Charles Forsdick & Christian Høgsbjerg, Toussaint Louverture: A Black Jacobin in the Age of Revolutions. London: Pluto Press, 2017. xii + 179 pp. (Paper US$ 20.00)
To the question “Will there ever be a truly authoritative biography of Toussaint Louverture?” Charles Forsdick (a professor of French) and Christian Høgsbjerg (whose writings focus on black Marxist thinkers) reply that “the answer is probably no” (p. 6). It is an odd way to start a biography of Louverture, but the statement surely applies to this book, which is undermined by its ideological bias and its overreliance on other authors. (Both the question and the answer are borrowed from an article by David A. Bell in The Nation, November 2, 2016.)
Historians normally comb archives and then follow the sources wherever they may take them. Forsdick and Høgsbjerg proceed the other way around, beginning with a wish “to reassert the incendiary political implication of [Louverture’s] life, actions, and revolutionary political thought” (p. 10). Their model is The Black Jacobins (1938), the classic biography of Louverture by C.L.R. James. They lament what Chris Bayly has called the “conservative turn” in the scholarship on Louverture that has taken place in the past several decades as historians have uncovered less heroic aspects of his career (p. 7). And they cite Friedrich Engels: “Have these gentlemen ever seen a revolution?” (p. 143).
Key archival discoveries explain this shift in the historiography, which may shift again as new documents emerge and force us to reevaluate Louverture’s life once more. Alas, Forsdick and Høgsbjerg introduce no new material; almost all the footnotes point to English-language secondary sources. Even when they mention foundational accounts of the Haitian Revolution that are accessible in print, such as Gros’s Historick Recital, Louverture’s Mémoire, and Beaubrun Ardouin’s Études, they rely on secondary sources for their citations (see, for example, p. 38 note 26, p. 119 note 30, p. 133 note 16).
According to classic communist dogma, revolutions are the product of a society’s inner contradictions, so Marxist historians writing biographies of “Great Men” risk succumbing to what Thomas Carlyle has dubbed “Hero-Worship.” Louverture’s contradictory record further complicates the task of Forsdick and Høgsbjerg, who solve this conundrum by describing him alternatively as a “Precursor” who achieved all that could be achieved within the context of his time (p. 148) or as a flawed figure who never embraced the radical agenda of his successor Jean-Jacques Dessalines—this “one-sided genius” (p. 125), as James put it.
Louverture’s prerevolutionary life, which lasted almost 50 years, is covered in 17 pages in the first chapter. It was a particularly puzzling period during which he endured racism as a slave but also purchased and rented slaves as a freedman. “Elements of Toussaint’s early life lend themselves to a more conservative interpretation” (p. 24), the authors concede before moving on to his role in the 1791 slave revolt in Chapter 2. His record during the early Revolution was equally ambiguous but Forsdick and Høgsbjerg insist that he and other rebels were committed to universal emancipation from the outset, citing as evidence a speech by Boukman Dutty of dubious provenance and a December 1791 proposal in which Louverture actually suggested returning slaves to the fields.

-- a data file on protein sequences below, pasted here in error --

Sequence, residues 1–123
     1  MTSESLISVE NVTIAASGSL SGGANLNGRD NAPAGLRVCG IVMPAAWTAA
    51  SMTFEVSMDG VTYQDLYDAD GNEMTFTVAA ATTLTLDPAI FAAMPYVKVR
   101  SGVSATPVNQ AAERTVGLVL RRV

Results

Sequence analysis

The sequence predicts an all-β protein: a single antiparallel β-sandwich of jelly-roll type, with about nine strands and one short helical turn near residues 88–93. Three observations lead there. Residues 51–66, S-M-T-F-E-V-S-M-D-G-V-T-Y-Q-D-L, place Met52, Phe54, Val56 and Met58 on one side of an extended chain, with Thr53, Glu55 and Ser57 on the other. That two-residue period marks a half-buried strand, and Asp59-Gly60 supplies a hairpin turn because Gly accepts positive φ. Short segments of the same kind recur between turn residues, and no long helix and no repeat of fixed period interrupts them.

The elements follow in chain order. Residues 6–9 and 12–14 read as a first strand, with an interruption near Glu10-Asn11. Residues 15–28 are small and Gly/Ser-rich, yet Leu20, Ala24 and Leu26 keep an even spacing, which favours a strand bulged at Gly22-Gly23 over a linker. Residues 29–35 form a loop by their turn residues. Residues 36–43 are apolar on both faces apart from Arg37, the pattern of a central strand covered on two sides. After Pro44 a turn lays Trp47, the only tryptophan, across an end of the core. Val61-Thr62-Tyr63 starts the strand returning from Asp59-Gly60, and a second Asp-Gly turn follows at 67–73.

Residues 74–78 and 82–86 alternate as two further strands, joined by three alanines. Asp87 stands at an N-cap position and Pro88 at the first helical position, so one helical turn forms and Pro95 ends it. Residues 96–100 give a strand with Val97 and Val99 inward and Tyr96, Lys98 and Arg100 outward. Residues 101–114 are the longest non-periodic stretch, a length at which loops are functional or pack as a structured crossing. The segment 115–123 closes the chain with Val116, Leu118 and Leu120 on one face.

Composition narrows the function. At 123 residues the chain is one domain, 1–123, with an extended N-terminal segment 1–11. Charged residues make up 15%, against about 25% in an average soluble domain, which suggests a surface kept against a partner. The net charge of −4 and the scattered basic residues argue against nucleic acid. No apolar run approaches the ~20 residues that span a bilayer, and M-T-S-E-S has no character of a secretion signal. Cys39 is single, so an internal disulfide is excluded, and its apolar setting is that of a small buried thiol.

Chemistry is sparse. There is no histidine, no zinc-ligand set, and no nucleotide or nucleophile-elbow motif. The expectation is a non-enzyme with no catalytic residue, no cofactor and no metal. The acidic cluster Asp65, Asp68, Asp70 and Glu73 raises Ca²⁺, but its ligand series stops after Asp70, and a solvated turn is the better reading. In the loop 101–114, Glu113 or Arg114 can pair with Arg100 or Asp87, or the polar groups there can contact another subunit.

In 1793–98, Louverture finally embraced emancipation and joined the army of the French Revolution. This idealistic phase, covered in Chapter 3, best fits the authors’ “black Jacobin” thesis, but they take it a step too far: they argue that his 1794 “volte-face” from the Spanish to the French army (as David Geggus has put it) was an idealistic act motivated by France’s recent embrace of emancipation, when Geggus’s careful research actually concluded that it was impossible to pinpoint the motives behind Louverture’s switch to the French army.
Chapter 4 focuses on the period 1798–1801, when Louverture undermined a slave revolt in Jamaica, implemented a restrictive labor code, and passed an authoritarian constitution. To explain such contradictions, the authors describe him (following James) as a “black Robespierre” who simultaneously unleashed the revolutionary potential of the masses and refused to embrace the agenda of his left wing.
Chapter 5 deals with the way Louverture’s equivocations came back to haunt him in 1802–3, when Napoléon Bonaparte sent an expedition to Haiti and the black population failed to support Louverture. His death in exile is discussed on page 123, leaving ample space for reflections on Louverture’s legacy, arguably the most interesting part of the book. Taking specific aim at Geggus, who has questioned the Haitian Revolution’s actual impact, Forsdick and Høgsbjerg insist that Louverture’s historical import was undeniable, and end (p. 150) by quoting William Wordsworth, “There’s not a breathing of the common wind / That will forget thee.”